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Ruttman's Berlin

Filmnotes to Berlin, Symphony of a Great City (1927) Walter Ruttmann

The creator of the early abstract films Opus I, II, III and IV, began this, probably his best know film, in 1926.  Ruttmann directed the film and collaborated with Carl Mayer (a screen writer who had co-written the script for Das Cabinet des Dr. Caligari), Karl Freund (the director of Fox-Europe Production), and Lore Leudesdorff who had already assisted Ruttmann with Opus III andIV.  Rather than write a conventional script Ruttmann devised a card system that allowed for flexibility and reshuffling of ideas for scenes and the overall structure of the film.  In addition to written notes for an idea, a card included specifications about the length of the scene, the desired atmosphere, and a visual sketch, a mini-storyboard so to speak.  The music that accompanies the film was written by Edmund Meisel who also directed the orchestra at the film’s public opening at the Tauentzien-Palast in Berlin.  Ruttmann and Meisel worked closely together aiming at a harmonious whole consisting of images and music, and Meisel described the music as a “conglomerate of the various sounds of a metropolis”.

Since creating his purely abstract Opus films Ruttmann had made a number of advertisement films for Julius Pinschewer, had worked on Paul Wegener’s film Lebende Buddhas, had created the dream sequence for Fritz Lang’s Die Nibelungen, and had made the beginning sequence, some of the background imagery, and other scenes for Lotte Reininger’s silhouette film Die Abenteuer des Prinzen Achmed.  His advertisement films combined abstract with representational imagery and color with black and white sequences, and his contributions to the feature films meant, of course, that his largely abstract images were subsumed within a larger, representational whole.  These were precisely the two uses of purely abstract filmic images that the critics of the absolute film approved of.  By the time he began Berlin, Symphony of a Great City, Ruttmann had come to the conclusion that he needed representational imagery to accomplish his vision in film.  He explained his change of heart as a break from but also as a continuity with his earlier absolute films.  The Berlin film was a break, he suggested, in that it deals with representational images rather than with purely abstract forms.  He also mentioned that he wanted to reach a larger audience which suggests that he took some of the negative criticism of his Opus films to heart.  However, Ruttmann also saw a continuity between his absolute films and Berlin in that the latter retains the basic structure of the first and bases itself on the same “rhythmic-dynamic laws of film” and on “filmic counterpoint”.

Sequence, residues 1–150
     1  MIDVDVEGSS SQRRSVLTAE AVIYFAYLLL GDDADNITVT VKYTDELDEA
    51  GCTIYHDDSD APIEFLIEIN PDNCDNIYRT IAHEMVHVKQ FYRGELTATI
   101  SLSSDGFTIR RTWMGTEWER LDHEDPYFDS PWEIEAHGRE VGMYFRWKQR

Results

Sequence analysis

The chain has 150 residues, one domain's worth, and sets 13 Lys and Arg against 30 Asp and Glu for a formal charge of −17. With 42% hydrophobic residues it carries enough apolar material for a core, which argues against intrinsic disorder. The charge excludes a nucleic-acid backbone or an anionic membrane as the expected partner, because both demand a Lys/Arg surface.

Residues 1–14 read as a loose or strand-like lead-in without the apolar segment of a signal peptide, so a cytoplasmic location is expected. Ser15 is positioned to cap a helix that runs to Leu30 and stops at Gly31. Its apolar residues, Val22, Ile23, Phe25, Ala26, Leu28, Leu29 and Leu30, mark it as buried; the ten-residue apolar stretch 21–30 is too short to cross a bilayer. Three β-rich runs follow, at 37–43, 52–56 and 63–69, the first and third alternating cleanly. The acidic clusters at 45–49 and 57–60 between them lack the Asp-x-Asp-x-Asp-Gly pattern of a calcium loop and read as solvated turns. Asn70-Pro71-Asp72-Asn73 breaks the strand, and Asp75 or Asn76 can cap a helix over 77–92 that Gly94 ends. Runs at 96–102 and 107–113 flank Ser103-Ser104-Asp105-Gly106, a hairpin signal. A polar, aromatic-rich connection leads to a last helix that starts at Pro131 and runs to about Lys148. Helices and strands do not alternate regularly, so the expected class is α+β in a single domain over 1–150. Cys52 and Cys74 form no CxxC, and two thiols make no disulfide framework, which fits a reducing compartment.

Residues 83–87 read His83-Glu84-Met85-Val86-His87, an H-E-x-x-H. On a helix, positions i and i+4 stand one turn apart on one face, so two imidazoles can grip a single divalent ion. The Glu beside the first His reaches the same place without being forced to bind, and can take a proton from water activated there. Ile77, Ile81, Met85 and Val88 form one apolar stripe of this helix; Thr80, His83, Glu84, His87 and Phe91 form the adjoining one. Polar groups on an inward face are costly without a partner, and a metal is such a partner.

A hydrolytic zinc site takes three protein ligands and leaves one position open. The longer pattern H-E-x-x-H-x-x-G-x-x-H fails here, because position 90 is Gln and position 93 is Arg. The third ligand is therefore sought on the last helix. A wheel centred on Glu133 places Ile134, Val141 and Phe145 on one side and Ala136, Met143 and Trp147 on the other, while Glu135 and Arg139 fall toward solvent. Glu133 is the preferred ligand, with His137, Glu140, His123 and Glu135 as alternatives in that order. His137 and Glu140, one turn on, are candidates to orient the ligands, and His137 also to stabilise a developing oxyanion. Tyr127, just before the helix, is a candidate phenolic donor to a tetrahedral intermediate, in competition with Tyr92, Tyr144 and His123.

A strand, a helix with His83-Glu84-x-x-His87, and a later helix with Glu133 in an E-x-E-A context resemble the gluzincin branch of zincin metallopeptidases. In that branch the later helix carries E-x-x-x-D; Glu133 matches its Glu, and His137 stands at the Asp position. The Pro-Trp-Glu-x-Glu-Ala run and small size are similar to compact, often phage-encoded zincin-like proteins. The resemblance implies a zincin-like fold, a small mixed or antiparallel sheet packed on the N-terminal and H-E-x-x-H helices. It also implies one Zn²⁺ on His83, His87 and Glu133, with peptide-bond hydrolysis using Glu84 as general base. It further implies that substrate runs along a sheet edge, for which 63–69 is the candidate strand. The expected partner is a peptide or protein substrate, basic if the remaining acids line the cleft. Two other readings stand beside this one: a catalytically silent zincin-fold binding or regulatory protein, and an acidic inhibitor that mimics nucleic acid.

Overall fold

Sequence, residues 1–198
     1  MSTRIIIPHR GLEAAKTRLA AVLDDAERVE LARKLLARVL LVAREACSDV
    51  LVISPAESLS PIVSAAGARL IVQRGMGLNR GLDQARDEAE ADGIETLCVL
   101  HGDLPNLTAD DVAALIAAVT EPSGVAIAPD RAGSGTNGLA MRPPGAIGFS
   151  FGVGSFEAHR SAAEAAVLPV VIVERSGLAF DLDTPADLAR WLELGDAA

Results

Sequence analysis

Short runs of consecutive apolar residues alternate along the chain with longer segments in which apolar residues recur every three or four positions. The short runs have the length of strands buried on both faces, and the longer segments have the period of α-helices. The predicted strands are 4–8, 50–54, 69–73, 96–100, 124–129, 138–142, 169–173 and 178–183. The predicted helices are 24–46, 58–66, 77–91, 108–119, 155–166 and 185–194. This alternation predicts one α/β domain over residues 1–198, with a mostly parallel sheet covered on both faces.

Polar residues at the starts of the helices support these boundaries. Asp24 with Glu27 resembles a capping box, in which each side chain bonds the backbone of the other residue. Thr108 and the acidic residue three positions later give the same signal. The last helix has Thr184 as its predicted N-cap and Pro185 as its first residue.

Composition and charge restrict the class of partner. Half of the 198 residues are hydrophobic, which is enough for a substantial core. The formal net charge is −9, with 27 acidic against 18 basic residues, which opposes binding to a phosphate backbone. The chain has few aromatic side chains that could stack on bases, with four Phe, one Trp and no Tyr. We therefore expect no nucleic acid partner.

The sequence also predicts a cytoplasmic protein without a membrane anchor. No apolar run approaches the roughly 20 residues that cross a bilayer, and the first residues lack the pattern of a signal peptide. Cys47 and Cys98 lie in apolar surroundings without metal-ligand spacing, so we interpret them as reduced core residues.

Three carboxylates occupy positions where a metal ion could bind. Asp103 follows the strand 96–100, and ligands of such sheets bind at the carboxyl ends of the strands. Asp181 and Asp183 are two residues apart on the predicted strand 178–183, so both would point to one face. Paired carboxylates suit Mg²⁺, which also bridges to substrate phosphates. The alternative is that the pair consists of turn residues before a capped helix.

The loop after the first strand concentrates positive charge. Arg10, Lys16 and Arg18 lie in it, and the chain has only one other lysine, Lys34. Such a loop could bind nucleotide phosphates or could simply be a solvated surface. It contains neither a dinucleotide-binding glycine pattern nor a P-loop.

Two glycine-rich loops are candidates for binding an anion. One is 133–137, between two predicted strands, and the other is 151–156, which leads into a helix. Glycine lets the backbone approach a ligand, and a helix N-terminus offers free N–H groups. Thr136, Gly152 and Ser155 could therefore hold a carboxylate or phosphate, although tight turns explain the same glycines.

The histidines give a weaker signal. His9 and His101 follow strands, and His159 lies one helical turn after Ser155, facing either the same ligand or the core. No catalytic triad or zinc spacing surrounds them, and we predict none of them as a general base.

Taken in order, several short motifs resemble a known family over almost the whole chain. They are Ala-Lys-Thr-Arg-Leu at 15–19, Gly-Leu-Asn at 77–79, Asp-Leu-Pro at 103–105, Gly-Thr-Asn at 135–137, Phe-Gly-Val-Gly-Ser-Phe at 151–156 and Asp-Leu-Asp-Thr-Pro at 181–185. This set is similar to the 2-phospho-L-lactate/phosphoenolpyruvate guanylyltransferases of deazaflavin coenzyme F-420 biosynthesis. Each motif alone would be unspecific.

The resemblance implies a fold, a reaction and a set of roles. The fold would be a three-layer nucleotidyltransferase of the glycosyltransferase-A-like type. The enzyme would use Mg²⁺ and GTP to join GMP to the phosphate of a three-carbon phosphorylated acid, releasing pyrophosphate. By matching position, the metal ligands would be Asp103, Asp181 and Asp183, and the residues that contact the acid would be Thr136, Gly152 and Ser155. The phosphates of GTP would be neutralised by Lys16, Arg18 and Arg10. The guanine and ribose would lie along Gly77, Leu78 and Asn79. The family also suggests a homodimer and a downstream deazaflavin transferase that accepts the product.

Berlin, Symphony of a Great City is one among a number of city films of the 1920s, including Manhatta (1924) by Paul Strand and Charles Sheeler, Rien que les heures (1926) by Alberto Cavalcanti, and Moscow (1927) by Ilya Kopalin and Mikhail Kaufman.  Beyond the scope of film, Berlin can be seen as part of an engagement with the city by the other arts as well.  For instance, parallels have been drawn between this film and James Joyce’s Ulysses (1922) as well as George Grosz’s images of the metropolis.

Ruttmann’s film was a success but it did not meet everybody’s expectations.  Among the criticism leveled against the film, the most persistent was that it excluded the human being.  Critics, Siegfried Kracauer among them, felt that it was superficial because of its interest in the aesthetics of the city at the expense of its human element, and they criticized the film for not showing a more detailed, geographically accurate, portrait of their city.  Some reviewers were at a loss what to make of the film.  Because of the absence of a clear and conventional narrative they could not detect the content or meaning of the film and felt that this lack of narrative self-explanation was its failure.  Remaining essentially true to his beliefs about what makes film filmic, Ruttmann, of course, never intended the film to be conventionally narrative.  His idea was to make, as the title suggests, a city symphony.  He was not after a psychological or geographical portrait of Berlin.  In this film as in his purely abstract films Ruttmann is interested in the dynamism of movement and shapes, in this case those found in Berlin, and he aimed at making the viewer experience Berlin phenomenologically.  Nevertheless the film is structured in a quasi-narrative way showing us the arrival in the city, its awakening, mid-day rest, busy afternoon life, and evening leisure.  Many contemporary critics compared its structure to that of a symphony.  Whether that is the case or not, it is interesting to note how the dynamism of the film is produced.  There are only very rare instances in Berlin in which the camera moves of its own accord, that is, without being on a moving vehicle of some sort.  The film shares this essentially static and passive camera with the Opus films.  Ruttmann relies on editing, on a montage based on analogy and contrast, to infuse the film with dynamism.